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How to Choose a Ceiling Fan: 8 Basic Tips

Are your summer cooling bills getting you down? A ceiling fan can lower a room’s temperature by up to 4 °F at a fraction of the cost of running an air conditioner.

Lower energy bills mean your fan’s also using less electricity than your aircon, so it’s helping the environment too.

image - How to Choose a Ceiling Fan: 8 Basic Tips
How to Choose a Ceiling Fan: 8 Basic Tips

Wait! Before you rush out and buy the first good-looking fan you see, consider these important tips on how to choose a ceiling fan that’s going to suit your best.

1. Choosing the Right Fan Size

Your room’s occupied space is the main criterion for choosing the right fan size. That means the space where people spend the most time.

You can use a simple formula to work this out, as follows:

  • Measure the occupied space in square feet
  • Divide this answer into four
  • The result equals the ideal blade size, in inches

If your room has high ceilings, you can choose a fan with slightly longer blades and vice versa for a room with a low ceiling.

You can use this rough guide to choose the ideal size for your room:

  • For a room size less than 50 sq. ft., choose a 29’’ fan or smaller
  • For rooms of up to 75 sq. ft, a 36’’ fan is best
  • For a bedroom or office under 100 sq. ft., pick a 42’’ fan
  • A 52” fan is best for a room of around 225 sq. ft.

For rooms of 400 sq. ft or more, choose a 56” fan or two smaller ones.

2. Which Fan Speed Is Best?

Most ceiling fans have a CFM rating. This refers to the cubic feet of air it displaces every minute.

The best ceiling fans have a high CFM in comparison to their blade size. So, if you can’t decide between two fans with an equal blade length, pick the one with the highest CFM.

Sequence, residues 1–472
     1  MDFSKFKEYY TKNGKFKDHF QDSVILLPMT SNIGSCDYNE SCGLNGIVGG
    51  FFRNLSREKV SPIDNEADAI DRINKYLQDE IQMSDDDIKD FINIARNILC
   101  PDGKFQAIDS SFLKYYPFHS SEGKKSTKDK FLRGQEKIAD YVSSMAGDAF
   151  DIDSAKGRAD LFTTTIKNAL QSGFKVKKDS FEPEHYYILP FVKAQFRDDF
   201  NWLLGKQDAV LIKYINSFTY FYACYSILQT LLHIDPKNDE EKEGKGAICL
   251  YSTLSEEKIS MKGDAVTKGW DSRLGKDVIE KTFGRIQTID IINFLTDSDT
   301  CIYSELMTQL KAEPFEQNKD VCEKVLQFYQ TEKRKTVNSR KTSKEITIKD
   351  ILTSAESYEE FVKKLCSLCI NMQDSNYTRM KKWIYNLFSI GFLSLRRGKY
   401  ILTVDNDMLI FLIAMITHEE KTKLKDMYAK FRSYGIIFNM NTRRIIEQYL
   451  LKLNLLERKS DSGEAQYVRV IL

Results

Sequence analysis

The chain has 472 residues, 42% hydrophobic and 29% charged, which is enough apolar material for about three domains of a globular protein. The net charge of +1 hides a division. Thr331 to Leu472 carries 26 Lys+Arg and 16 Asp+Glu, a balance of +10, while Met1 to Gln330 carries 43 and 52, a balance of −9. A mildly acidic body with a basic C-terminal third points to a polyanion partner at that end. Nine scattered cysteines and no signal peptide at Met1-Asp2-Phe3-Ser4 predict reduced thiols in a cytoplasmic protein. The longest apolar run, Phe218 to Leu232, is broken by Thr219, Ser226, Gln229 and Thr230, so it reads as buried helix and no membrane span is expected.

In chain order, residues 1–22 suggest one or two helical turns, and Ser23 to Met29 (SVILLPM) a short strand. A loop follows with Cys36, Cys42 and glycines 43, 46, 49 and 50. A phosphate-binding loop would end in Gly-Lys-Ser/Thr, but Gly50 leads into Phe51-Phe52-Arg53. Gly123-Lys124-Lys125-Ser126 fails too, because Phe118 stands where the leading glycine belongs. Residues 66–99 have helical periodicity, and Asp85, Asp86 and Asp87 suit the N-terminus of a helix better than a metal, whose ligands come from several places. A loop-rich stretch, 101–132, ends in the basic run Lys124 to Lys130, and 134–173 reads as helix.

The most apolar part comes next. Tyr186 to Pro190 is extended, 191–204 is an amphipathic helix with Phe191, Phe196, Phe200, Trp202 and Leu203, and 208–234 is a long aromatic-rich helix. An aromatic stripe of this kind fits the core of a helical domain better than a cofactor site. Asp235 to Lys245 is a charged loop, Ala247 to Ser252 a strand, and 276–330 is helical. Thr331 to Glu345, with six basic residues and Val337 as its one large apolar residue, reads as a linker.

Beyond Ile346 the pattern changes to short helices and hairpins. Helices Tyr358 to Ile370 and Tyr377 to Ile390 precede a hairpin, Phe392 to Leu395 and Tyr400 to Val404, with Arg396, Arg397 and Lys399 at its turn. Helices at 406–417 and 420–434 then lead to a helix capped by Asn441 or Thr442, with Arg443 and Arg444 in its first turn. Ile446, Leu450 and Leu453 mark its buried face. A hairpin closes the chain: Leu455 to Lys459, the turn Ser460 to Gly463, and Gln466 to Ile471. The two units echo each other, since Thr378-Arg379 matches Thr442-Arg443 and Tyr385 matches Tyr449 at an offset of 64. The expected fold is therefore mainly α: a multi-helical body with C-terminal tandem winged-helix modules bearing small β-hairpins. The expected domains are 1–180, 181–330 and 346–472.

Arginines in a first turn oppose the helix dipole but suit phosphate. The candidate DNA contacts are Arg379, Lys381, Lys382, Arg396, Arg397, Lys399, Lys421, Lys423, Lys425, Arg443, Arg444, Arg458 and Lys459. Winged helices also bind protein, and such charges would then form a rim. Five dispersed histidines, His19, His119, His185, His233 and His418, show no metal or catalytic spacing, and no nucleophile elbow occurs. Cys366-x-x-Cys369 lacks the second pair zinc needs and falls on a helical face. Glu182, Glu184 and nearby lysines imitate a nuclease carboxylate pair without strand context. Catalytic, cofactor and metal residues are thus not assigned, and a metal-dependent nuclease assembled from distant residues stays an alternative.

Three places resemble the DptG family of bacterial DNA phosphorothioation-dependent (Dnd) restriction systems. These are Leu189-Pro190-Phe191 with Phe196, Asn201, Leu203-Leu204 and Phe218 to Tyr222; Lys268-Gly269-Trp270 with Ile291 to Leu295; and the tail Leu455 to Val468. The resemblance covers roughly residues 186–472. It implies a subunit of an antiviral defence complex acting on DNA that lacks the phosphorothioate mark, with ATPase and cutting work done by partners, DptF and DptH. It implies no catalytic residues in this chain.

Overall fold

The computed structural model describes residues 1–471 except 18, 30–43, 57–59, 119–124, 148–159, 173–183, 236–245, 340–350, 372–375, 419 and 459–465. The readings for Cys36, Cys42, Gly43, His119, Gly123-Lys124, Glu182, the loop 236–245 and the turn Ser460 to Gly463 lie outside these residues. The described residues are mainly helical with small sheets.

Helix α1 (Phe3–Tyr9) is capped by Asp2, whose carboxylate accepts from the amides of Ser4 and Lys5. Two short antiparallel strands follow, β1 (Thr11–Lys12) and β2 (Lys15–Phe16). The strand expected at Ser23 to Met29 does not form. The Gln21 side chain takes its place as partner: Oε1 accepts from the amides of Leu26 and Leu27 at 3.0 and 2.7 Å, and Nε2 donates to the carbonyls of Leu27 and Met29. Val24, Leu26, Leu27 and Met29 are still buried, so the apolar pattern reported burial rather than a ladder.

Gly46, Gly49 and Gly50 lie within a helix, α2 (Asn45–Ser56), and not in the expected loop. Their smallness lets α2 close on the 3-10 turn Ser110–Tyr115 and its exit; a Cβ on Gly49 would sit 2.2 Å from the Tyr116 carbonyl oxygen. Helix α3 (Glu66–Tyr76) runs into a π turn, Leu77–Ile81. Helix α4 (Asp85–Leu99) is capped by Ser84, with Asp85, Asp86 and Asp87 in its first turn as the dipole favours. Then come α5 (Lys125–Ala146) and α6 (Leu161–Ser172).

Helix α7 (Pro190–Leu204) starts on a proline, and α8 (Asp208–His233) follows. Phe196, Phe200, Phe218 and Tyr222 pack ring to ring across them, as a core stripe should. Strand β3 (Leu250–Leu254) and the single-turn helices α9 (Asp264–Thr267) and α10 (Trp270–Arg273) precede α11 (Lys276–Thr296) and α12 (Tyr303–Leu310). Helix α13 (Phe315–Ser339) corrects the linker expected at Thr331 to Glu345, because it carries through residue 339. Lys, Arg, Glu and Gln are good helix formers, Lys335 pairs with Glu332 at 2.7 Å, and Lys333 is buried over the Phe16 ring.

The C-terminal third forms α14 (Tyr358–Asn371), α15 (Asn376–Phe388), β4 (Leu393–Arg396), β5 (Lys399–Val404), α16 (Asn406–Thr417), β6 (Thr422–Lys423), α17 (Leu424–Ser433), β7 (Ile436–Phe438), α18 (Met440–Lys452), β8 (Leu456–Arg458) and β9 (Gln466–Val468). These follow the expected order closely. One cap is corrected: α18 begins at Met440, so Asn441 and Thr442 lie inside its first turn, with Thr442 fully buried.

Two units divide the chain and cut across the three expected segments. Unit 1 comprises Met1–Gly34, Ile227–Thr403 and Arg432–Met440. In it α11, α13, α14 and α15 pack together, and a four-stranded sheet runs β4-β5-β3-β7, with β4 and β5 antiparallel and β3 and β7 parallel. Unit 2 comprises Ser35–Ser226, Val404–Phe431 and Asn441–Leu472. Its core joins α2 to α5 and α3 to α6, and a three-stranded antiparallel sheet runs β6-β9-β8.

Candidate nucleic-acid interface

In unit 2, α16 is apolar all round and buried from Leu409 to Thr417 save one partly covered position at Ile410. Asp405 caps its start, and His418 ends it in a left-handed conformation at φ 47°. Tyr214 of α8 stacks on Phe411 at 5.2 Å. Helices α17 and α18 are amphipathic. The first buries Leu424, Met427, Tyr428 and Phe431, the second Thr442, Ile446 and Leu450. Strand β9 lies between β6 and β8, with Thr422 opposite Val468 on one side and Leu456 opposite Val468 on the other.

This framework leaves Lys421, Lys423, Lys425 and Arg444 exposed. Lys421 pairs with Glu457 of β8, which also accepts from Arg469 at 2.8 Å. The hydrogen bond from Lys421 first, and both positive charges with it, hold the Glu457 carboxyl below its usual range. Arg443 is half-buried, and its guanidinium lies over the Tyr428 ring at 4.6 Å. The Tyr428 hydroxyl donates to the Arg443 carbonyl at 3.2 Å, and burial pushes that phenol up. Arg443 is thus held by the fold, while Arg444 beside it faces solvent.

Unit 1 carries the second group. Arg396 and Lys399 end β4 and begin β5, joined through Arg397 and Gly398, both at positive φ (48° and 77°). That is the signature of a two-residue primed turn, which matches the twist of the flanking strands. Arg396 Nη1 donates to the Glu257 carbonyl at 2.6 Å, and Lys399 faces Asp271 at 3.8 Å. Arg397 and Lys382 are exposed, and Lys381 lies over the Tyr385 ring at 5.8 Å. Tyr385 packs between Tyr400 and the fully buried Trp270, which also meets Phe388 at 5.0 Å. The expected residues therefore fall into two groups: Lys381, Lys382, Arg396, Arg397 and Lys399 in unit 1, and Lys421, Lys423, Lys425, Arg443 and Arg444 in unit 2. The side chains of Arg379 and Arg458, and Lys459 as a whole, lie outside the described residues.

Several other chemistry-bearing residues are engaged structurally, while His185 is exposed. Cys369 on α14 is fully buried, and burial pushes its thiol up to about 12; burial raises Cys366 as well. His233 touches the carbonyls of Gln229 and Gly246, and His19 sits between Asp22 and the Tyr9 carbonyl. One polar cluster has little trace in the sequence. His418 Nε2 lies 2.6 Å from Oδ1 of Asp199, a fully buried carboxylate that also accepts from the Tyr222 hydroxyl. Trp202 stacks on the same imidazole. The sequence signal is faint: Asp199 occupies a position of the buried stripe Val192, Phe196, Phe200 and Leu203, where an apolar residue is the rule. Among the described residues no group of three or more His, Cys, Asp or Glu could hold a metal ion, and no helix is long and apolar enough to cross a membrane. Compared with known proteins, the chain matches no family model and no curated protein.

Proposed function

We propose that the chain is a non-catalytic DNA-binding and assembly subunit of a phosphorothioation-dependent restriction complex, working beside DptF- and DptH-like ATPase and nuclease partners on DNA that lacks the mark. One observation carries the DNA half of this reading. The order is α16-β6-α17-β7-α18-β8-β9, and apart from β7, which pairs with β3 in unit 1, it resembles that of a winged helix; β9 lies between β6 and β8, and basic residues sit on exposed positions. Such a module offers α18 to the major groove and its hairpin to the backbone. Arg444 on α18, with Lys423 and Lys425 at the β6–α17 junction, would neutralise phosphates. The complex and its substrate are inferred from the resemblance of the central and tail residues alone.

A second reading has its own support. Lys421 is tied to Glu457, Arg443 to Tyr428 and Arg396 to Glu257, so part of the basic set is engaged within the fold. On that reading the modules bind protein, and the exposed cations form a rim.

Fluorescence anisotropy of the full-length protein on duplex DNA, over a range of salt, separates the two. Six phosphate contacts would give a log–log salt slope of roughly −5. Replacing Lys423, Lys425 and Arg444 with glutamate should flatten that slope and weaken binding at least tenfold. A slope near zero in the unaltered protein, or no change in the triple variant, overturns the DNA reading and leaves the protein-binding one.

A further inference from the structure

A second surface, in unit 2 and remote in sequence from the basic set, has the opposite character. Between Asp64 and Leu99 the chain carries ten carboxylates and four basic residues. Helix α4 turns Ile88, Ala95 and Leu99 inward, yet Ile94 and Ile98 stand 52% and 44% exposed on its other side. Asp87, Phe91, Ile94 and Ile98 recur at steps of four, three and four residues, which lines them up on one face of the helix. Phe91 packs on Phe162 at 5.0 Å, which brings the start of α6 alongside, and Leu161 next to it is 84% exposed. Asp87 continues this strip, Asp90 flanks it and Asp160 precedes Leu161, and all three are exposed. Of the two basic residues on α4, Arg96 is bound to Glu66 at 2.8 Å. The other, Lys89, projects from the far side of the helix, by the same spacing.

The higher the CFM, the more efficiently the fan performs. They’re also more durable and quieter than low CFM fans.

3. How Many Blades Should Your Fan Have?

Nowadays, the number of blades you choose for your ceiling fan has more to do with preference than performance.

For instance, a fan with more blades creates a balanced, conventional look, while fewer blades have a modern, sleek appearance.

More blades don’t necessarily mean a more efficient fan. CFM ratings are the sole criterion for judging how well a fan cools a room.


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4. Picking a Good Blade Finish

Blade finish refers to the materials that make up the blades of the fan. There are four main types:

Medium Density Fiberboard (MDF)

This material comprises sawdust and other remnants of wood mixed with a binder and then compressed into a type of board. A layer of laminate protects the exterior of the board.

It’s an affordable option but can’t tolerate moisture, so this material’s unsuitable for humid conditions or outside installation.

ABS Plastic

Plastic is a versatile, inexpensive, and durable material that’s easily molded into various shapes. It’s impervious to moisture and a good choice for outdoor use.

Fan manufacturers often manufacture their plastic fan blades to look like wood.

Wood

Wood is a classic material for fan blades and works well indoors and outdoors.